* "It will be just the same on the day that the Son of Man is revealed" (Luke 17:30).
It's not hard to imagine how the city was destroyed. In that highly unstable area with all those petroleum products around, all it would take is a match to blow up the whole place (19:25). Some have suggested a volcanic eruption as the cause of the fire and sulfur coming out of the sky. But it seems much more likely, as others have suggested, that an earthquake set off a petroleum explosion, perhaps after releasing gas into the air. This would also account for fire and bits of sulfur raining down out of the sky.* The people would have been burned by the fire or choked by the fumes.
* Asphalt contains a high percentage of sulfur.
This matches the evidence found in the excavations: An earthquake helped destroy the cities. But there was also abundant evidence of burning, including charred human bones. This burning was found not only in the city, but also in the cemetery, which would not be the case if the fire was the result of war or accident. There was also evidence of confusion when the city was destroyed: Some blocked their doorways before trying to escape, others did not. But no one ever came back to open those doorways. Others were found dead inside the cities without any evidence of burning.
The only other Biblical description of what happened is in Genesis 19:28. Here Abraham went out to the same place where he stood bargaining with God--with its beautiful view down over the Rift Valley--and saw the whole area putting out thick smoke like the smoke of a furnace. This also fits with the thick smoke of a petroleum disaster, as when the oilfields of Kuwait burned after the Gulf War.*
* Abraham's view down over the smoking remains of Sodom and Gomorrah is a foreshadowing of eternal judgment in a "furnace" of eternal burning (Gehenna; Matt. 6:30, 13:42,50; Luke 12:28; Rev. 9:2).
There's just one more detail to consider: Lot's wife. Although most Bibles say she became a "pillar" of salt, the word used here (netziv in Hebrew) elsewhere refers to a look-out "station" or an officer (who is "stationed" over others). The idea is that because she couldn't keep herself from looking back, she was "stationed" in death, as a "watchman of salt," looking over that place of desolation. This is most likely a poetic allusion to the pillars of salt that can sometimes be seen standing in the area. But whether her transformation into a "watchman of salt" was the result of a supernatural act of God, an unusual by-product of the disaster,* or simply refers to her remains being "stationed" there in the salty soil, the Bible does not specify, saying only, "...and she became a watchman of salt" (19:26).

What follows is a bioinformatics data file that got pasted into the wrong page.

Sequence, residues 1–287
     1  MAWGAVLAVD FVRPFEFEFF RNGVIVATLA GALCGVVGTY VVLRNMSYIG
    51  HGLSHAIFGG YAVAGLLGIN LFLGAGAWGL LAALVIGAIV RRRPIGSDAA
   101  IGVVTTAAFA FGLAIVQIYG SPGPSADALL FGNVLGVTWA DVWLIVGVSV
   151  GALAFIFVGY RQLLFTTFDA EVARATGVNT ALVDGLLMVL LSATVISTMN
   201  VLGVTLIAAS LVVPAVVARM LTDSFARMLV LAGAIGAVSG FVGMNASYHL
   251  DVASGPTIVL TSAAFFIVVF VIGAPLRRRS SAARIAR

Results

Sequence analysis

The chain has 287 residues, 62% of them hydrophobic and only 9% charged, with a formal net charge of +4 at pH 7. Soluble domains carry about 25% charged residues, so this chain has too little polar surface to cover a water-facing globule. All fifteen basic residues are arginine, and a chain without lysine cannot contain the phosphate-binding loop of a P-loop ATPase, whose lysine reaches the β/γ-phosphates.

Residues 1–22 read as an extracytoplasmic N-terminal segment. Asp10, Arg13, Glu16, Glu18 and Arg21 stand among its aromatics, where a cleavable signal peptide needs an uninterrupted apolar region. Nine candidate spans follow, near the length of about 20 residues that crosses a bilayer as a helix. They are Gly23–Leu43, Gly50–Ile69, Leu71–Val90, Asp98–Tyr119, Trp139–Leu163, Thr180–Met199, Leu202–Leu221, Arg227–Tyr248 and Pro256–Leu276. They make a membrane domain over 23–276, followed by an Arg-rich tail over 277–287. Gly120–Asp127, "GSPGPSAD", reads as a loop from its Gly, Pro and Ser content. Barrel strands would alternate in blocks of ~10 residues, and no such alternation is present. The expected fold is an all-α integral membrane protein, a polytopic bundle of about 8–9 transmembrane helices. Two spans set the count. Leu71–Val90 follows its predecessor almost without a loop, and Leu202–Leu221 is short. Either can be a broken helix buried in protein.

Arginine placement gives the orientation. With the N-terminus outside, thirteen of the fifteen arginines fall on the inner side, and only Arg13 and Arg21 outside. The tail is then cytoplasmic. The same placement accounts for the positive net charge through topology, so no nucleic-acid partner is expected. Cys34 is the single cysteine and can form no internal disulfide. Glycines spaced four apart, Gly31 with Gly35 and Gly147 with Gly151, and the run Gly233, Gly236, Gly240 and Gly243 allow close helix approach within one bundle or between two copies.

* Like the bodies encased in ash in the eruption of Mt. Vesuvius at Pompeii, she could have been buried in salt as a result of the explosion or earthquake.
What happened to her, Jesus said, is a warning to us all: "Remember Lot's wife" (Luke 17:32). This is mentioned in one of Jesus' prophecies of his return, in which he describes the catching away of the Church: "On that day, let not the one who is on the housetop and whose goods are in the house go down to take them away; and likewise let not the one who is in the field turn back" (Luke 17:31). His message? We must be ready to go at a moment's notice. We must remain unattached to the things of this life. Otherwise, when the time comes, we may be tempted to turn back. Remember Lot's wife!